This week, a customer contacted me, quite frustrated with his belt drive single speed, complaining that it was not as smooth as it should be, had a tight spot in the pedal stroke, and was making an intermittent noise.

After dumping a hundred bucks having it worked on at two bike shops with no improvement (changed the belt line, adjusted tension) and an attempt over the phone to walk him through a few adjustments, we decided it was best to bring it back to Groovy headquarters for a quick shakedown to determine the origin of his problems.

It took about 20 seconds to see what the issue was...
Impacted in the belt's center track was a bunch of wood pulp that was causing the belt to climb up on top of the chainwheel and cog rather than mesh cleanly with it.

A couple minutes work with some tweezers and a quick wash down with some soap and water and all was well with the world again.

As amazing as the Gates/Carbon Drive product is, we must remember folks, there is no product on the market that will perform 100% of the time without a little maintenance.  Take some time to learn your bike, the adjustments and maintenance required, and it will pay off ten fold by expanding your skill set for trouble shooting.

Best of all, it will reduce stress (yours and mine) and allow you to spend your time on the trail enjoying your ride.



Saturday, November 10, 2012

Nahbs newletter interview...

Thanks to Don and the fine folks at Nahbs for allowing me to put out a few words about the importance of "our show".

What the Builders Say
Groovy Cycles
Rody Walter of Groovy Cycles has been making hand-made bikes since the early 90's. Building out of his shop in Ohio, Rody's mantra now, as it ever was, is: design it with the rider in mind; involve the customer in process, build it to last forever; and settle for nothing less than big smiles. He offers designs for road, mountain bikes or tandems, all available in steel, titanium, or aluminum.
NAHBS is an event that Rody says provides regular show-goers with the opportunity each year to observe builders advance at their craft, solidify their dedication to the customer and build business stability.
The personal interaction that takes place in the show hall is hugely important to him, a builder that really likes to know and communicate with his customers. "So much of the communication as a frame builder is usually done via email or over the phone, so I wouldn't miss the opportunity of meeting people at NAHBS," he says.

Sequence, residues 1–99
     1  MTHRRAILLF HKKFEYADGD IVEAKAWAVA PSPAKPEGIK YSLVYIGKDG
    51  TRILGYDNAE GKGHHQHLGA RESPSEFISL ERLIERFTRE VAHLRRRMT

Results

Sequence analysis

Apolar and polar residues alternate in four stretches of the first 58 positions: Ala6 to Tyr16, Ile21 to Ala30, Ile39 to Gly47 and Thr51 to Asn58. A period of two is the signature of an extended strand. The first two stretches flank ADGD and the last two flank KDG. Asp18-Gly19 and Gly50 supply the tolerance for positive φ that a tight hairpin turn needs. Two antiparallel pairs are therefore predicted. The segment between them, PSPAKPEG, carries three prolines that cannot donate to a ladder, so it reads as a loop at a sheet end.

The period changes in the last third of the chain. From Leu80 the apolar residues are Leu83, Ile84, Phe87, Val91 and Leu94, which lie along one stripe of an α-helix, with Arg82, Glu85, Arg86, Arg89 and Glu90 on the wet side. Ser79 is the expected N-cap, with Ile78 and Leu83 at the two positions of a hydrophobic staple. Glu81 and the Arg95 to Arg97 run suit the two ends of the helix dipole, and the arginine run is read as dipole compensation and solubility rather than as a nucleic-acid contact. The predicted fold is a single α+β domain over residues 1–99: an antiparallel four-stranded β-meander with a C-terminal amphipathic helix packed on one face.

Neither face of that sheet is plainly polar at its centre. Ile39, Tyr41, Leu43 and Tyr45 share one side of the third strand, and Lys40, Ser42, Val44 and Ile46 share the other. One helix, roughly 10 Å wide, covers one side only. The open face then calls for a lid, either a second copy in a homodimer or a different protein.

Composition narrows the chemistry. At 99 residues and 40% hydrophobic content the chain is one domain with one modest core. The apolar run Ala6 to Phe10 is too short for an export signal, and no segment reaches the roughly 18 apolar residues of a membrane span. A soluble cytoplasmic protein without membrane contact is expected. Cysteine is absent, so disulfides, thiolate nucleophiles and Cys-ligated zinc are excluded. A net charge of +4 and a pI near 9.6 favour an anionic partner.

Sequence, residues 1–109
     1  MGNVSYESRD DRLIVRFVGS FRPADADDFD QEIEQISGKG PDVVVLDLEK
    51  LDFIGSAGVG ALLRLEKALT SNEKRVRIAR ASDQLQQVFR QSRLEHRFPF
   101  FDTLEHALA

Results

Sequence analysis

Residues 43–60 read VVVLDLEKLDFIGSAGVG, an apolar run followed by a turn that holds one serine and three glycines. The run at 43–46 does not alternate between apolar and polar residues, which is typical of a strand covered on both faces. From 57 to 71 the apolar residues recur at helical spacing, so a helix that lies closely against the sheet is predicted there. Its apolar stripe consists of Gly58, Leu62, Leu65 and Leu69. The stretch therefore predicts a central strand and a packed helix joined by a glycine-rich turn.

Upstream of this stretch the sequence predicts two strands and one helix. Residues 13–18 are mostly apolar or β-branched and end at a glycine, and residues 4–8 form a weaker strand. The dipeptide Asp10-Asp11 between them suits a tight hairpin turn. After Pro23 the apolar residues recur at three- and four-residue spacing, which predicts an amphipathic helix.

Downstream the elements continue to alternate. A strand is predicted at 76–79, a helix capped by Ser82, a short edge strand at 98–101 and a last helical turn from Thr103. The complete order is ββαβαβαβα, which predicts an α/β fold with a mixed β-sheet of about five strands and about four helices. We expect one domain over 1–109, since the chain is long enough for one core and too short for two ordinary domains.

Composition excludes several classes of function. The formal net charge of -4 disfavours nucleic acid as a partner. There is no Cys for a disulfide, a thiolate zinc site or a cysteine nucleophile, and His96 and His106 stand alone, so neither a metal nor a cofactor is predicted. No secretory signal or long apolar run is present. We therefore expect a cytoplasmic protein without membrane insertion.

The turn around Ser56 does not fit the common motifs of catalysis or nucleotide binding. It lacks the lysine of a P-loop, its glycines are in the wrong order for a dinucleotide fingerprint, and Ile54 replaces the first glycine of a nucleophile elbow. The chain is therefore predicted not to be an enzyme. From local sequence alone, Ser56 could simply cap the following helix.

But customer interactions are only half the story. Rody sees his participation in NAHBS as a way of giving back the frame building community, which generously educated him many years ago, and helped change his path in life. "The continued evolution of this profession depends on the willingness to share knowledge, techniques, and career development tools with each other, to collectively advance the success of our trade," he says.
The instructional seminars that have always formed the backbone of knowledge at NAHBS are one of the most valuable aspects of the show for him.
He advocates for a dedicated day prior to the public opening that allows for instructional seminars to take place, allowing more builders to participate without the stress of leaving their booths.
These seminars, he says, "Enrich the educational value of the gathering for exhibitors, having an open forum, to discuss business trends, customer service, problem solving, etc... creating an environment of beneficial open/cooperative discourse.
He concludes, "Personally, I thrive on meeting folks, sharing stories, and passing on a smile. NAHBS marks the one time a year I can do that with friends and customers alike."
You can check out more at the official web page... 


Wednesday, November 7, 2012

Family of LUV handles...

Family of LUV: 

an interesting group of finishes for these individual bars...raw Ti, two tone ceramic coated steel, ceramic coated Ti, silver powder, and a standard black powder bar. 

I really like the black ceramic with polished Ti, the contrasting matte and bright logo go well together.  I've expolored this combination, adding in paint, for a bike going to Nahbs in Denver this year and I think folks will dig it.  Can't wait to see for sure.

In other news, Jeff P came by the shop last week and we built up a winter cross bike for him so that he can begin cycling again. Jeff has methodically taken charge of his life, knocking off the actions that make up a "normal" day;  cooking his own food, eating without a straw, dressing himself, getting back to school at Akron U's School of Nursing, being able to drive again, etc...  Yesterday, he completed the last item on his list, to ride again. Congrats Jeff on the recovery!